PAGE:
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Do's & Don't of Closed guard?

Big Red

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You can answer this either being within closed guard or putting closed guard to use. I find it diffucult to say what is right but find it easier to pick up on mistakes & figuring out the way I should act in closed guard or use it.

Please answer as many as possible it'd be very helpful to myself & hopefully others.

Within an opponents Closed Guard

Do make sure that if you are looking to stand up in someone's guard you should control & pin one of their arms to their stomach area & step up on the controlled side to prevent sweep attempts. E.g. Pinning their right hand on their stomach you should look to step up with your left leg first.

Don't post your arms out straight as this will allow your opponent so attack with an array of elbow joint attacks & also take your back.

Using Closed Guard

Do make sure you have control of at least one part of their body or gi. Leaving an opponent free to move if you lay back in guard will make you look as if you are asking to be passed.

Don't leave your legs crossed too low as it will be much easier for your opponent to open/break you guard & then pass. Looking to break their posture by keeping your legs up high & not giving them room to attempt guard breaks.

I'm by no means an experienced grappler but I think if I can look at others do's & don't I can hopefully piece together a better closed guard game plan.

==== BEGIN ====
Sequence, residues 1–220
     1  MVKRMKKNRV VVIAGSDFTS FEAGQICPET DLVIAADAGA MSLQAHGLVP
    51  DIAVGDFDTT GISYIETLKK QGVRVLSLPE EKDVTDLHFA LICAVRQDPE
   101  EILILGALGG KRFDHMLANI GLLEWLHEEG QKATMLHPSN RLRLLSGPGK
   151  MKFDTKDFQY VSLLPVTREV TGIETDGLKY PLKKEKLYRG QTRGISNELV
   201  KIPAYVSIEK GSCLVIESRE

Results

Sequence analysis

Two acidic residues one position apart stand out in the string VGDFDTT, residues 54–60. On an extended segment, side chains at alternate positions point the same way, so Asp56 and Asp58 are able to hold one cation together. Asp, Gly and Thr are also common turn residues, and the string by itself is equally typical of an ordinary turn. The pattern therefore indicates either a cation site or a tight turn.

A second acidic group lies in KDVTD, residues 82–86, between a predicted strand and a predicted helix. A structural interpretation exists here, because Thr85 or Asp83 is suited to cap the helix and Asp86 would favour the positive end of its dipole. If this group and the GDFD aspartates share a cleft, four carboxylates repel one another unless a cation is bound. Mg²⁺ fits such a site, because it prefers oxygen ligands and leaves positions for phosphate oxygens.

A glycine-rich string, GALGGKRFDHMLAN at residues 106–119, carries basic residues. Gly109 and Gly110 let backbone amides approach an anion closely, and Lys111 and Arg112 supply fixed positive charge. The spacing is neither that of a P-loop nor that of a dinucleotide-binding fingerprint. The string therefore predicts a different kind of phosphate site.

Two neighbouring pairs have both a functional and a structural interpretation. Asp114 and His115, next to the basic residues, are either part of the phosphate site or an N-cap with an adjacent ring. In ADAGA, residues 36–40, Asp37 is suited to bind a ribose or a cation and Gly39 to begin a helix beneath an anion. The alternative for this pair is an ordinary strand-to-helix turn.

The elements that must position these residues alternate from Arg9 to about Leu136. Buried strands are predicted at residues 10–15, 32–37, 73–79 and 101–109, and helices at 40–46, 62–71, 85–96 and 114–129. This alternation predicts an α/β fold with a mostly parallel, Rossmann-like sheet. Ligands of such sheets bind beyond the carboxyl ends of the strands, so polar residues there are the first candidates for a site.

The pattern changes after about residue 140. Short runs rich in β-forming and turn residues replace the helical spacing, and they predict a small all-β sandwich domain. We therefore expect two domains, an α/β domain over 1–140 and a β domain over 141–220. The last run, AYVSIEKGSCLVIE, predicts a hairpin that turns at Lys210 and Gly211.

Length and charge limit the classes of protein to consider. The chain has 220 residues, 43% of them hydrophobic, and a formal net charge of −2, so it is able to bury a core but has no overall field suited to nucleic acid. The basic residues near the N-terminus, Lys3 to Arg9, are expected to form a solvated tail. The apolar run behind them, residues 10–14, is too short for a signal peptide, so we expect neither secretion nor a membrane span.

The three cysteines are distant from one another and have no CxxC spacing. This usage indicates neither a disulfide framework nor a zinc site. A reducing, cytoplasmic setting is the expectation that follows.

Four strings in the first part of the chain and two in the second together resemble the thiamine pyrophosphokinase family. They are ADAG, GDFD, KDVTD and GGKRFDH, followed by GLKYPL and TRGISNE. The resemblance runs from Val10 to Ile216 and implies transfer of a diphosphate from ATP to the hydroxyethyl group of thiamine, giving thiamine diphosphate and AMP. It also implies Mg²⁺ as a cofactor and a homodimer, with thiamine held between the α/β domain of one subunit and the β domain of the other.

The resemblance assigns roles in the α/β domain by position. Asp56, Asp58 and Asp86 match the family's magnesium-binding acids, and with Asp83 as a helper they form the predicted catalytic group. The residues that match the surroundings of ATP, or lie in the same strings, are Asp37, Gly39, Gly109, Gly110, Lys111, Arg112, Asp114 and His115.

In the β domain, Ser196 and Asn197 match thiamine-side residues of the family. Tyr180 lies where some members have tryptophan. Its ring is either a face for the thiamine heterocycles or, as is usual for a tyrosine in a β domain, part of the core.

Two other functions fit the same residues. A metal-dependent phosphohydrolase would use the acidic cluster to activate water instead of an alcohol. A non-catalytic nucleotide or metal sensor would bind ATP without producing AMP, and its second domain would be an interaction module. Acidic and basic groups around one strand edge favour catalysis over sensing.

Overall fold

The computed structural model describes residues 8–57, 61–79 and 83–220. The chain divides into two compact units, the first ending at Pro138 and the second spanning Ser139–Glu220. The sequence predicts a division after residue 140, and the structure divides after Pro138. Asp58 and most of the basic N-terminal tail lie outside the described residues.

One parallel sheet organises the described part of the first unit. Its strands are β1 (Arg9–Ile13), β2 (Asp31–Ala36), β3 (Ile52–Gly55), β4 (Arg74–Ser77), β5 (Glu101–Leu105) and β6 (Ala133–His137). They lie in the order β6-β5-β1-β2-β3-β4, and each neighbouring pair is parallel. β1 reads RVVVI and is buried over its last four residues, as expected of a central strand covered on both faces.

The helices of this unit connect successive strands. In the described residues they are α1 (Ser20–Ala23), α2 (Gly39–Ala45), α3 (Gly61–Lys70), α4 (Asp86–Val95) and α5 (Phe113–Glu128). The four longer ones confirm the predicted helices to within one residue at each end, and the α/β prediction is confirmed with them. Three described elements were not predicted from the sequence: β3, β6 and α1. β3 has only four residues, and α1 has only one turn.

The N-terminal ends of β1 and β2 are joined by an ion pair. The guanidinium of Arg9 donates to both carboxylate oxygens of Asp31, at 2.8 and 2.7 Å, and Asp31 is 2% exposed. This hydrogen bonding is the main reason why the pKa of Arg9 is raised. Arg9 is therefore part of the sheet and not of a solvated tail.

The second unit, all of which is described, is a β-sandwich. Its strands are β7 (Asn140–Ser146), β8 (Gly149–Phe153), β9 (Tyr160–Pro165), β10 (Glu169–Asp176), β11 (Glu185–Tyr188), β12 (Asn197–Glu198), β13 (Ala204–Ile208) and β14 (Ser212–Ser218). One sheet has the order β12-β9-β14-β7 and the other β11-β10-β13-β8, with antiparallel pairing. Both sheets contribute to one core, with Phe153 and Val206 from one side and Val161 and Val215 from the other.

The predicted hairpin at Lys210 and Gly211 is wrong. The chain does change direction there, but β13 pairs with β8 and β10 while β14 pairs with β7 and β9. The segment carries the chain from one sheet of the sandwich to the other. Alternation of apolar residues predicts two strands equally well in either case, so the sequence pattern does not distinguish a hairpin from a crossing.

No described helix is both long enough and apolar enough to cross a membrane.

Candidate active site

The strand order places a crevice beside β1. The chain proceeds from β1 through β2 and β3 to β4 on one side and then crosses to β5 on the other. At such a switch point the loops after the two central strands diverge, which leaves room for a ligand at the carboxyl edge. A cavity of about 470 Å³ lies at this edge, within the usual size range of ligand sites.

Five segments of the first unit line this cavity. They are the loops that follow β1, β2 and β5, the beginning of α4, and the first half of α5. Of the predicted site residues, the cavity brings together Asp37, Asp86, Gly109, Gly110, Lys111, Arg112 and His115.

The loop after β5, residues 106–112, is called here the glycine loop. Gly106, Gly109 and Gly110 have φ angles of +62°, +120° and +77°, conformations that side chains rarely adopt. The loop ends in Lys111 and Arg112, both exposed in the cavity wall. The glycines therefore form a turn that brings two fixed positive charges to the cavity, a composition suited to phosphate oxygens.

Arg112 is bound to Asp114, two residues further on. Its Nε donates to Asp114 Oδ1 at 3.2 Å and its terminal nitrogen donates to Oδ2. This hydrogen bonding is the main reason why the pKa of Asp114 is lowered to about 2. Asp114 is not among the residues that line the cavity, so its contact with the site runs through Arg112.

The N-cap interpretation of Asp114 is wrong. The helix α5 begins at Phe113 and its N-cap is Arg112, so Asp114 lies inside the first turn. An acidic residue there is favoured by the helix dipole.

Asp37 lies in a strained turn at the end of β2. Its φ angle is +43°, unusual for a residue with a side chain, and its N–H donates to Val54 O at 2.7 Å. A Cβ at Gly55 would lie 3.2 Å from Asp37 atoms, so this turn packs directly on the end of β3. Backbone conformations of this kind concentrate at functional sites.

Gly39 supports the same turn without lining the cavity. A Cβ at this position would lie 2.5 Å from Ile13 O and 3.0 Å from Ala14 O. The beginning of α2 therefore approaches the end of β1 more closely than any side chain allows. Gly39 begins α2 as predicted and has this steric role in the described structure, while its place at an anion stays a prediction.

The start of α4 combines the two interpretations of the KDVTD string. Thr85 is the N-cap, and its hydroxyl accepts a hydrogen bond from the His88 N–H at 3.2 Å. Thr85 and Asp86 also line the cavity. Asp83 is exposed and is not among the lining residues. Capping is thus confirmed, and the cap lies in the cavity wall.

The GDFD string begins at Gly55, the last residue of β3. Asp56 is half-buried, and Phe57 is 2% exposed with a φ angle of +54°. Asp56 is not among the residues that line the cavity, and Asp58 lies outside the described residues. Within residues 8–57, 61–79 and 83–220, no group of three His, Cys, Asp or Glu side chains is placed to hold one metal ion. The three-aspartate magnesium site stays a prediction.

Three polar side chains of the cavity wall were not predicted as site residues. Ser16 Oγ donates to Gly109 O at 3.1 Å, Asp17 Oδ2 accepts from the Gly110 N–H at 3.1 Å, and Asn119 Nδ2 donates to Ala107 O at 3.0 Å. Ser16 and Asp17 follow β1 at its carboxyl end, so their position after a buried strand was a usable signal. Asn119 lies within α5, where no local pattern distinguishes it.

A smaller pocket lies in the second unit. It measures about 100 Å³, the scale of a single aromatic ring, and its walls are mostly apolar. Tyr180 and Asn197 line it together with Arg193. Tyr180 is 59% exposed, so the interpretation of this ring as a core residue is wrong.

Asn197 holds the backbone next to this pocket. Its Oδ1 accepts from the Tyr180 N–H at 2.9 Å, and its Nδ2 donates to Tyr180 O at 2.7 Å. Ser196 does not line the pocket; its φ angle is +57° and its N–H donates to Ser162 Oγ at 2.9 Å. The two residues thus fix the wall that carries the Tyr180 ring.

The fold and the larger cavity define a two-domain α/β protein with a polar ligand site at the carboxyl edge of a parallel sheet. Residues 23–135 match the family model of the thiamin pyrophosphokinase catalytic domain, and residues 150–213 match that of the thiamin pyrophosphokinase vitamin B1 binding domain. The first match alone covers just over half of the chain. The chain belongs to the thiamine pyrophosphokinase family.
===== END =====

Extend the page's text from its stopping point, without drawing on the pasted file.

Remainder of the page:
closed guard is boring boring open up your world and enter my domain... I AM SPIDERMAN
DONT Try to submit someone in their closed guard
no matter how you pass keep your posture
if your in their closed guard posture elbws in and grab gi pant

if you have someone in closed guard and your too lazy to hold it goto open and sweep the mats
 
Those are good tips. Especially the second set.
 
When your in someone's guard, do not go for their collars. I dont have much to contribute cause im new.
 
When In Guard

DON'T keep one hand in their guard and one out.
 
LCDforMe said:
When In Guard

DON'T keep one hand in their guard and one out.

Lol, I learnt that one the hard way
 
when playing in someone's guard keep a hand planted on their torso to prevent sweeps.

Don't leave your knees close together while in someone's guard, this makes the scissor sweep not only viable, but easy. Don't confuse good base with being completely erect.

When standing up in someone's guard, your feet should be parralel facing one of your opponent's ears (i.e. right and lef foot both point left) when your opponent goes to grab your leg. Which leg your foe grabs determines your positioning.
 
when in closed guard keep moving your hips so that your opponent has a tough time to pass or do anything.
 
When you stand up or raise a leg, be prepared for your oponent to go for your leg. You can use this to bait him sometimes.

When you're in someone's guard, if you have to keep your head low, keep it centered on his stomach, don't let him push it to the side.
 
LCDforMe said:
When In Guard

DON'T keep one hand in their guard and one out.
Or do it when you think your guard pass is faster than his triangle.
 
On top keep your back straight, head up and elbows in.
On bottom, keep moving and keep their back bent, head down and attack "play" with their arms.
 
If you are wanting to stall in closed guard: